Chuck in Phoenix

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Perhaps, but one can't compare the vehicles they owned even five years ago to what is available on the market today. From what we see in our business there is little difference of the overall quality among today's vehicles. The only real difference we see in the thousands of vehicle we service is style and price. Don't forget it will cost you twenty to thirty percent MORE to drive home a similar sized and equipped Toyota as well.
mike hunt
Chuck wrote:

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well, I'm still driving an '83 Malibu with the original driveline, untouched engine and transmission. It has cost almost nothing in actual repairs. I wonder what it would cost to keep a new car running for the next 20 years. Power and acceleration don't interest me in the least. I just want to drive cheap. And by the way I only had one break down needing a tow in all that time.
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The original post was about "old" cars (50s and 60s) not the "new" ones of the 80s!! <G>
We used to hear the same thing back then. "They don't build them like they used to" and I would say "Thank God". Those from the 30s and 40s would be wore out when they got to 50K miles.
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I obtained my drives license in 1943 and my first new car in 1947. Anyone that thinks cars were 'better' in the past is looking back with rose colored glasses in my opinion. I am a collector and own a '41, 64, 71, 72, and 83 automobiles, top of the line models or luxury brands. They are all in mint or near mint condition. All one needs to do is drive one of them and the it soon become apparent as to which are better cars.
In those days the warranty was as low as 1,000 miles of 30 days. Today warranties are up as high as 100K or ten years. Today one can buy a vehicles that will start every time with a short spin of the starter and will run to 100K, problem free, with only minor preventive maintenance. Back then we had to change the oil every 1,000 miles, installed plugs and point every 10K and replaced the tires shock and brake lining before 20K and the rings by 70K. ;)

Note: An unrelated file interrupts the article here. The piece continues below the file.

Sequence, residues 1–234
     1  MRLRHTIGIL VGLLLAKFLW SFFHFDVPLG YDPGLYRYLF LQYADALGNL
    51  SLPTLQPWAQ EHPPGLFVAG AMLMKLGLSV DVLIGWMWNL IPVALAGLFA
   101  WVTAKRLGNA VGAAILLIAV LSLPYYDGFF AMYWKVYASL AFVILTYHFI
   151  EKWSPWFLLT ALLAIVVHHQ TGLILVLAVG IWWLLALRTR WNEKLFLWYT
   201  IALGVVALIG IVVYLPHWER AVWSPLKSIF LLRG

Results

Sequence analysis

mike hunt
R wrote:

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You're absolutely right ! Cars are better, more durable, require less maintenance.
It's possible to buy a new car, and do little more than put gas in it. .... a light will even tell you when to change oil.... and that might be 10,000 miles from now.
Change spark-plugs ? New plug designs, and electronic ignitions mean up to 100K miles between plug changes.
I think the manufacturers have done a terrific job in improving reliablity and maintenance requirements.
In the 1950's you spent the first month at your car dealers, having a 50-item punch-list corrected. And you planned on replacing your car at 35,000 miles ( before it'd start to fall apart )
Now-adays, you can buy a new car, drive out, and it may be the last time you go to the dealers until it's time to replace it. BUT When something does break........ We've just read about the $750 fuel pump. And if you ever have to replace a headlight or tail-light cover, prepare to bend-over and squint !
<rj>
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R wrote: Before you say, yeah but look at the prices, They

Not to nitpick, but if you go but the Consumer Price Index, 5000 1966 dollars would be the equivalent of $27881.34 today.
--